Emerging Approaches to Cancer Immunotherapy
Posted May 17, 2016
The concept of engaging the immune system to target and destroy cancer has gained popularity and success in recent years, and therapies using checkpoint blockade inhibitors, T-cell bispecific antibodies, cancer cell vaccines, and other strategies are under investigation. Clinical trials have shown promising results, but researchers are still debating how best to engineer or train the immune system to improve its responses, to combat treatment resistance, and to avoid adverse effects. On February 29, 2016, the Academy's Cancer & Signaling Discussion Group convened a symposium on Emerging Approaches to Cancer Immunotherapy to discuss challenges and opportunities in this therapeutic area. The day was divided into research on biologics (such as checkpoint modulators and antibodies) and on cell-based therapies (such as CAR T cells and dendritic cell therapies).
How to cite this eBriefing
The New York Academy of Sciences. Emerging Approaches to Cancer Immunotherapy. Academy eBriefings. 2016. Available at: www.nyas.org/Immunotherapy2016-eB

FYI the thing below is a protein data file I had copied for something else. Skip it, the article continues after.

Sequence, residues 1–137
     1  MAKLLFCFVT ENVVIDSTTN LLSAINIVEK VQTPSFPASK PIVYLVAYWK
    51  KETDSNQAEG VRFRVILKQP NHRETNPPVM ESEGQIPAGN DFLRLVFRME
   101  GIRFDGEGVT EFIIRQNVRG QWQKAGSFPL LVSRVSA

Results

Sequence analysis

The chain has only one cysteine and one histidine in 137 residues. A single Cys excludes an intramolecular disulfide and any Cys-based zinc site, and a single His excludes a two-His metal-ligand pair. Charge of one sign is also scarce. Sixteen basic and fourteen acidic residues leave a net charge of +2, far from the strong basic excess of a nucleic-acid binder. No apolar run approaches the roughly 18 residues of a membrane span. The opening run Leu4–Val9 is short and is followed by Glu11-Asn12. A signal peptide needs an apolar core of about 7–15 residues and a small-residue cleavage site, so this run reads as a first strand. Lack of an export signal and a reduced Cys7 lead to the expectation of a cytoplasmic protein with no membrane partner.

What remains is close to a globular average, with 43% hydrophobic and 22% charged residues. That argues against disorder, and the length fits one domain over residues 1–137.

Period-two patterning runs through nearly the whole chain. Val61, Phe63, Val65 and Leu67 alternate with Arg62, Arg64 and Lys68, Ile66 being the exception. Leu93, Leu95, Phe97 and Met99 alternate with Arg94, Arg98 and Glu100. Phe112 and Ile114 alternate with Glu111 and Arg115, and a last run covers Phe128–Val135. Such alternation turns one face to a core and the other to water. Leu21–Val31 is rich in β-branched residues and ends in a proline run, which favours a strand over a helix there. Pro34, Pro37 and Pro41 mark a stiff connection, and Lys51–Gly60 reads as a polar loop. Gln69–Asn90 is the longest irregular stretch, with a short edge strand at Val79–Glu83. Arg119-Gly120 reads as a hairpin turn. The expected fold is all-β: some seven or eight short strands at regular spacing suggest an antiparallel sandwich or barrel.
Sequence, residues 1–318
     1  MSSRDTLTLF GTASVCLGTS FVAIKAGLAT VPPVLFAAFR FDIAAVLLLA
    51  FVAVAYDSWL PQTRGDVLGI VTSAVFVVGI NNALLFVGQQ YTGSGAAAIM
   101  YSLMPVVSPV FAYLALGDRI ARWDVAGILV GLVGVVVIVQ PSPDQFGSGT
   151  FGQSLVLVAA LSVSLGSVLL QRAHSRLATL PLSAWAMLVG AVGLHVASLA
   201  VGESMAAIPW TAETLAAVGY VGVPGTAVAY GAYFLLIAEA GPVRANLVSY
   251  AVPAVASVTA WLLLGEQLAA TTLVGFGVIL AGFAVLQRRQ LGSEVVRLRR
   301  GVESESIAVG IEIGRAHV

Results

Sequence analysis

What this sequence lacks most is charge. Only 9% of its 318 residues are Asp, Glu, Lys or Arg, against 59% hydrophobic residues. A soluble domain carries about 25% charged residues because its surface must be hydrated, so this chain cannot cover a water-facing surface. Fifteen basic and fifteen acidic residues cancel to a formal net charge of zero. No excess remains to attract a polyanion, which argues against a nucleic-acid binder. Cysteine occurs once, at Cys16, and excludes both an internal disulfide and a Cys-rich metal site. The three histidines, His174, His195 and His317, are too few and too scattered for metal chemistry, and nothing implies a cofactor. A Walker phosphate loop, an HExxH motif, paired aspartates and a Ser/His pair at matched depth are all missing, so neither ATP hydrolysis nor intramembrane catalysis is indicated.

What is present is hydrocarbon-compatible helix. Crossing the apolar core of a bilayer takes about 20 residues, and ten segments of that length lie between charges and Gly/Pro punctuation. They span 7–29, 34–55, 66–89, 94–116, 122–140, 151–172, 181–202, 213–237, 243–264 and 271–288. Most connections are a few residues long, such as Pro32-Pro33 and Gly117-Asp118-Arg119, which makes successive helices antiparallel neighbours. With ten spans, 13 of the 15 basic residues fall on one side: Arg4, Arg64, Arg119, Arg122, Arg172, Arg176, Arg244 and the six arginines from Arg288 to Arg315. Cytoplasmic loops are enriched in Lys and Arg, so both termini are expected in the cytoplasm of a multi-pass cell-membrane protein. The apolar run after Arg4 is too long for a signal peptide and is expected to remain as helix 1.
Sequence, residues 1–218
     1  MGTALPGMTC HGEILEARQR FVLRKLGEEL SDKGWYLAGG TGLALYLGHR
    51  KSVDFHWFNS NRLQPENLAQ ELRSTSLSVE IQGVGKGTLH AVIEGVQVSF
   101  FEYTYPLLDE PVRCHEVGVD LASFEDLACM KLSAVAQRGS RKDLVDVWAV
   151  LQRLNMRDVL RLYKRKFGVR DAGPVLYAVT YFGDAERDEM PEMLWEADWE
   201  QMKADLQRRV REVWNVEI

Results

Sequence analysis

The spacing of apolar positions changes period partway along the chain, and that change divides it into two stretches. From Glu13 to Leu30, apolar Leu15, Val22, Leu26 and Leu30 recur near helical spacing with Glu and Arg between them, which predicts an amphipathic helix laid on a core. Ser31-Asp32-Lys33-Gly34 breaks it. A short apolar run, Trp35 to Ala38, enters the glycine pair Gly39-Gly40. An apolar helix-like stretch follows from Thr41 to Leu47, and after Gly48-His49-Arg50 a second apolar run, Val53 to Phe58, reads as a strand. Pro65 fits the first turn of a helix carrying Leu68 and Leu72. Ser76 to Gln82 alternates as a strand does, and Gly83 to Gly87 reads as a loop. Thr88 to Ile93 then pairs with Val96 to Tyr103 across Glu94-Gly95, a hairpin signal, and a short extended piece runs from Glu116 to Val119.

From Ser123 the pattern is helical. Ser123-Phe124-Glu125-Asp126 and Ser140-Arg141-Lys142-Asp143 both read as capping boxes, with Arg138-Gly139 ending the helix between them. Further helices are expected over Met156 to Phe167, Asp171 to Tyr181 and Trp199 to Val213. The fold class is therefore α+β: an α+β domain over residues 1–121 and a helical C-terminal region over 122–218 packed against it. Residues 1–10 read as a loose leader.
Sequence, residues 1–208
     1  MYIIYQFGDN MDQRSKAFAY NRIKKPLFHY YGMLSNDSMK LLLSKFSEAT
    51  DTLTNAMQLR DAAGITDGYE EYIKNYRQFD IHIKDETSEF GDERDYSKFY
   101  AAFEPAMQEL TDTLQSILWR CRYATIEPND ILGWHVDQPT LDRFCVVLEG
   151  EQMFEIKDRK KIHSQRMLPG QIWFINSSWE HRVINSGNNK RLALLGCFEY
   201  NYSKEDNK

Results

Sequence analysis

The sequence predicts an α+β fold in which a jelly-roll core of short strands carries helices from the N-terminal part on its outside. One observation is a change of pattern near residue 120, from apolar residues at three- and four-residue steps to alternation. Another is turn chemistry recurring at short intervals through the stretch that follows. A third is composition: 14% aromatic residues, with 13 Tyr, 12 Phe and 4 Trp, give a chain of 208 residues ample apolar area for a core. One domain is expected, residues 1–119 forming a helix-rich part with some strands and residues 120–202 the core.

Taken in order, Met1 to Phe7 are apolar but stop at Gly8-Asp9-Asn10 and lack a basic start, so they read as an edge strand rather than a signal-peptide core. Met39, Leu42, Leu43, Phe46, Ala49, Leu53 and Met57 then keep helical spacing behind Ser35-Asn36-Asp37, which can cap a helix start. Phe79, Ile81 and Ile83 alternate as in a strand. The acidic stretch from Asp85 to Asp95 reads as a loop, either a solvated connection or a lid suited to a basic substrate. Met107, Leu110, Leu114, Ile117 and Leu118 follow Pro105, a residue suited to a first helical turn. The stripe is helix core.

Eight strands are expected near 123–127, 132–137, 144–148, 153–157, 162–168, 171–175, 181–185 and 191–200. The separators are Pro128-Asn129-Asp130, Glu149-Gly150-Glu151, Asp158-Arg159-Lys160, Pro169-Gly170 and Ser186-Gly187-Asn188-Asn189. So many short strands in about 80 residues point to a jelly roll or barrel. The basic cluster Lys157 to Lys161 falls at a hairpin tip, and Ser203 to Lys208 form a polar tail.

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Renier Brentjens, MD, PhD
George Zavoico, PhD
Jones Trading Institutional Services
Sonya Dougal, PhD
The New York Academy of Sciences
Caitlin McOmish, PhD
The New York Academy of Sciences
Renier Brentjens, MD, PhD
Renier Brentjens holds an MD and a PhD in microbiology from the State University of New York at Buffalo. He completed his residency in medicine at Yale New Haven Hospital and a medical oncology fellowship at Memorial Sloan Kettering Cancer Center. Brentjens is an associate member on the faculty at MSK and an attending physician on the leukemia service. His preclinical and clinical research is focused on the further development of CAR modified T cells—armored CAR T cells—designed to overcome the hostile immunosuppressive tumor microenvironment. His lab is testing its gene therapy approach in patients with chronic lymphocytic leukemia and acute lymphoblastic leukemia who are no longer responsive to chemotherapy.
Jedd Wolchok, MD, PhD